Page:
Lenovo Joins Intel Sandy Bridge Product Recall Program

"Lenovo has joined the ranks of major computer manufacturers to initiate a program for the service and replacement of its systems affected by Intel’s Sandy Bridge bug."

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Lenovo has joined the ranks of major computer manufacturers to initiate a program for the service and replacement of its systems affected by Intel’s Sandy Bridge bug. According to the official announcement from Intel, a bug in the SATA 3Gbps port of its new Sandy Bridge based 6-series chipset is likely to cause deterioration in performance over a period of three years.

In an official response posted online, Mark Hopkins, program manager at Lenovo Social Media has stated, ““Following Intel’s announcement confirming a design issue in their recently released support chip, the Intel 6 Series, Lenovo will be putting in place a special service program that will enable customers who purchased affected PCs to receive a system board replacement free-of-charge, as soon as those parts become available.”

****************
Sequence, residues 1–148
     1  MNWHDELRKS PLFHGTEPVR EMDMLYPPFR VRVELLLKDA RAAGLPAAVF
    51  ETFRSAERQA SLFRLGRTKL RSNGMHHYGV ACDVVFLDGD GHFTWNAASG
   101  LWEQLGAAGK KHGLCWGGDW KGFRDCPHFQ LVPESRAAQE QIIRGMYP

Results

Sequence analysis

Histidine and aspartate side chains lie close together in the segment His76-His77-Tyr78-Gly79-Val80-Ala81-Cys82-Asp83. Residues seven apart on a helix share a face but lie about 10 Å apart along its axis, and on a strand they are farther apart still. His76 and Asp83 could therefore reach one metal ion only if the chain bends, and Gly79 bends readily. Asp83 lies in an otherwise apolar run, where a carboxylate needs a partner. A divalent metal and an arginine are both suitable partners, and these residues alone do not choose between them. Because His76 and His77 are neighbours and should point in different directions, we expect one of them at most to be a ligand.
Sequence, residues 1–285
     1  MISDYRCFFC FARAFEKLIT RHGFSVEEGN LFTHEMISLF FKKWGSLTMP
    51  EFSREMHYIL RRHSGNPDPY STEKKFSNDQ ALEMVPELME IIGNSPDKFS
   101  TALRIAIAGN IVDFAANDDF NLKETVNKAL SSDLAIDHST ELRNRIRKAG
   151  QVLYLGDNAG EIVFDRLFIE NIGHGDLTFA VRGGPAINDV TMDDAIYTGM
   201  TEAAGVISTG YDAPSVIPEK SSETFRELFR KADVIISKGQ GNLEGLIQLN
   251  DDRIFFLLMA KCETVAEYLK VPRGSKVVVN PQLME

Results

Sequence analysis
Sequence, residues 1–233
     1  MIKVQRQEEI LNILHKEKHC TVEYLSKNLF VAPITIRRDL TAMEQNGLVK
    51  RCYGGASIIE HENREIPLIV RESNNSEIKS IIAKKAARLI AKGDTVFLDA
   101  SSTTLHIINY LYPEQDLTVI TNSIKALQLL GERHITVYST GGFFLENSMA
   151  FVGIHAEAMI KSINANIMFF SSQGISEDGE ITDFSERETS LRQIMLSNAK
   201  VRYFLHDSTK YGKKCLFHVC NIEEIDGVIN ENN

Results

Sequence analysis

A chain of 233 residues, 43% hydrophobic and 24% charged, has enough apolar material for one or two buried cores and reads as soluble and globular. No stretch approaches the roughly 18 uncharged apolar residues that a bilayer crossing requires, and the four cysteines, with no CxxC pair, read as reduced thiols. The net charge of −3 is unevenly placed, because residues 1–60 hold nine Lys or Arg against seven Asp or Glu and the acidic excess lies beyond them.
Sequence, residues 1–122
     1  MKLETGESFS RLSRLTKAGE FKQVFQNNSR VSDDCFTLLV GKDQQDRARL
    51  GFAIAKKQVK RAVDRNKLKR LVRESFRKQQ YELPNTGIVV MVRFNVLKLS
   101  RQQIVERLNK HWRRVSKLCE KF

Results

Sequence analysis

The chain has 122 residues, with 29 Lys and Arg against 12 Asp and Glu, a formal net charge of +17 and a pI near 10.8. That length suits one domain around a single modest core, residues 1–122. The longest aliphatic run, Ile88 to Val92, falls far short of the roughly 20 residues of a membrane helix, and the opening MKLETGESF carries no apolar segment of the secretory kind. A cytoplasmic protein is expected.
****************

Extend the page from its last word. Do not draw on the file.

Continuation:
The company has frozen its shipments of all products that carry an Intel 6-series chipset. Additionally, it has put in place a special service program for replacing any and all affected products. Though Lenovo was one of the earliest manufacturers to adopt Sandy Bridge, the actual number of products the company has shipped till date is limited.

The manufacturer has identified which of its products are likely to be affected by this chipset issue. These identified products include:

IdeaPad laptop Y460P, Y560P, Z570, G470, G570, V370, V470, V570, B470, B570

IdeaCentre desktop K330, K330A, B520

Just like other Intel vendors, Lenovo too is offering its customers the two options of getting their system board replaced or claiming a full refund. However, details of the same have not been fully clarified. According to the official word, full details of the service program will be made available on the Lenovo support page in few days. Nothing wrong with that either as there is still a long wait before the replacement boards from Intel become available.